The top philanthropic priority of Rotary, and the cause to which Rotary donates the most money worldwide, is our campaign to eradicate polio. Rotarians, along with our partners, have reduced polio cases by 99.9 percent worldwide since the very first Rotary project to vaccinate children in the Philippines in 1979. We are close to eradicating polio, but we need to finish the fight - “almost” isn’t good enough when this crippling disease threatens children in this era of easily available global travel and refugee flows.

Club President Paul Wynkoop has established a goal of $26.50 per Club member for our club this year, which began July 1st, 2019 and runs through June 30th, 2020. .   

To date, Rotarians have helped immunize more than 2.5 billion children against polio in 122 countries. For as little as $0.60, a child can be protected against this crippling disease for life. You can easily see that your donation goes a very long way at 60 cents per child. 

While we focus on polio plus donations during the month of October, you can, of course, make a donation at any time during this Rotary Year. Your gift to the PolioPlus Fund is eligible for Paul Harris Society recognition. You may also donate online, here, or by writing a check to the Club and marking it “for Polio Plus” before giving it to our Treasurer or her representative at any Club meeting. 

Donations from Club members who have achieved their first Paul Harris Recognition are matched 3:1 (for every $3 donated, the Club matches it with $1). And, Club members who have yet to achieve their first Paul Harris are matched 1:1 when their donations to the Annual Fund and/or Polio Plus reach $500 - which means the Club donates $500. After the Club match, all Polio Plus donations are matched an additional 2:1 by the Bill & Melinda Gates Foundation, which means that for every dollar plus the Club match donated by a Rotarian, the Gates Foundation will add two dollars, up to a total of 35 million dollars each year. 

Polio eradication, for us, is relatively simple - we donate to help move this enormously important global project forward. It’s not dangerous for us. But for eradicators in Nigerian, Pakistan and Afghanistan, the situation remains quite dangerous, and they still labor under the threat of disruption, or worse - a mother and daughter team immunizing children were shot dead in northern Pakistan this past winter. It can be an extremely tough and challenging fight in the tribal areas of northern Pakistan along the Afghan border, given normal population flows exacerbated by war and threats of violence, Yet - the teams persist, now under much more stringent government protection.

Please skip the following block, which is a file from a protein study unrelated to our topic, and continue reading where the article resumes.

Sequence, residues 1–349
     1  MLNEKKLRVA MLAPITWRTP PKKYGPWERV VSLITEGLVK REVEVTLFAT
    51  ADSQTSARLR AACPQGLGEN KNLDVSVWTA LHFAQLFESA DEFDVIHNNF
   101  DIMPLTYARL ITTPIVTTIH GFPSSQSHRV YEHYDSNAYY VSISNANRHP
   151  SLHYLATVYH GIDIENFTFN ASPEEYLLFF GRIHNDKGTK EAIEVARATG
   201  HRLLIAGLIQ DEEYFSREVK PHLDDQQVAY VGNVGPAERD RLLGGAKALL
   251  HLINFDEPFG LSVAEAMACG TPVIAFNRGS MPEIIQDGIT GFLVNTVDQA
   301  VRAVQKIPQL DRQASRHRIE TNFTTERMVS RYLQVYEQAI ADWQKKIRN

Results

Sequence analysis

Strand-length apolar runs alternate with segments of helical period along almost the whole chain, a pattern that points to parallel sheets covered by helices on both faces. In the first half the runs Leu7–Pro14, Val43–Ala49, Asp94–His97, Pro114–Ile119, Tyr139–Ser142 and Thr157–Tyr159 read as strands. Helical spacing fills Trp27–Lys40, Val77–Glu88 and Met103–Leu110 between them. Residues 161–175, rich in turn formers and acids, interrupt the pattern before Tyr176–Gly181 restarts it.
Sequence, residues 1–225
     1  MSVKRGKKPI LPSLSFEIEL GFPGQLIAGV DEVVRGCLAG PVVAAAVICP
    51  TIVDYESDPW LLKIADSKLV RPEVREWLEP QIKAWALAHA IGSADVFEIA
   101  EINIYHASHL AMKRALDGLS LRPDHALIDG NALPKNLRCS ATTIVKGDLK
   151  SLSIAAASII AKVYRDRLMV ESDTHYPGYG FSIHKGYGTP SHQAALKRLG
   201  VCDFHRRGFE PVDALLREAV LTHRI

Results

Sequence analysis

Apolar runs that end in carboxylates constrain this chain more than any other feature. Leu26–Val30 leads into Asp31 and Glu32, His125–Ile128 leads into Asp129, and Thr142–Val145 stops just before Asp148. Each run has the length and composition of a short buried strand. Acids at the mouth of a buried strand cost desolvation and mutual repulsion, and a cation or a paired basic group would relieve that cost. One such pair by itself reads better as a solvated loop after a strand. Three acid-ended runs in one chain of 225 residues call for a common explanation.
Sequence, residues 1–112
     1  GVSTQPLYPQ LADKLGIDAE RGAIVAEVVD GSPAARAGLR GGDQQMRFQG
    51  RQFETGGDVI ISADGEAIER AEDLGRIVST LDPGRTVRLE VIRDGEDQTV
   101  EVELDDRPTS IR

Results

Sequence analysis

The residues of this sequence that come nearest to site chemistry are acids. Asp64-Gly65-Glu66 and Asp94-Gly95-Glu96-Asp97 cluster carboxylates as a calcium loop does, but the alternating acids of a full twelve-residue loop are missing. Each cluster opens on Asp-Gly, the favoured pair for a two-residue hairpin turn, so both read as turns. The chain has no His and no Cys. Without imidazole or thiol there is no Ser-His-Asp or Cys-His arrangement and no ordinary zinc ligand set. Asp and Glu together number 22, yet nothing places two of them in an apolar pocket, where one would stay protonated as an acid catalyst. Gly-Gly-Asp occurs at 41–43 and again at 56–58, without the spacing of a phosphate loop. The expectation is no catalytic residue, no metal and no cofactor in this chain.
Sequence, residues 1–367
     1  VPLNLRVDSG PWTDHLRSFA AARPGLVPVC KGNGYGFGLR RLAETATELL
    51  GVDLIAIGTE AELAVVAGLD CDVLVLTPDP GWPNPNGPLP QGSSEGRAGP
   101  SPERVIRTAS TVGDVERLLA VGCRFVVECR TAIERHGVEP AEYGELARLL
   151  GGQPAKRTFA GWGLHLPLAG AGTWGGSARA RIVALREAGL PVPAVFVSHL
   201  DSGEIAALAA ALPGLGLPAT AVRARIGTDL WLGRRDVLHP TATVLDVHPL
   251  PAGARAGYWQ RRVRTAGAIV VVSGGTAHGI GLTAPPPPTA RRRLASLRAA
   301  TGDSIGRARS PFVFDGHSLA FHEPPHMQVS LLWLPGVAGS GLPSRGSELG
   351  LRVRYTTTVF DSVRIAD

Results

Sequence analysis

In addition to these three countries, in which the transmission of the wild poliovirus has never been stopped, the Global Polio Eradication Initiative (GPEI), in which we Rotarians play a key role, also supports countries that experience or are vulnerable to the rise of vaccine-derived polio viruses (VDPVs), which are rare and only occur when polio vaccination rates are low. When VDPV cases occur, high levels of vaccination, robust surveillance, and rapid outbreak response are critical.

Here is where the numbers stand this week:

GPEI is also working to strengthen surveillance and immunization systems in the African and Eastern Mediterranean regions of the World Health Organization to ensure that polio has truly ended and immunity against the virus improves. In many countries of the world, surveillance against polio is maintained through the GPEI, and vaccination activities continue, to make sure children remain protected as long as there is polio anywhere.

This Fact Sheet provides a good one-page summary of where we are on a global level, and of the end game against polio.

 Pete Leenhouts, as our Foundation Committee Chair, can provide more information should you need it. Please help us attain our goal - the complete eradication of polio! 




Interested in being a sponsor?
Download the website sponsorship guide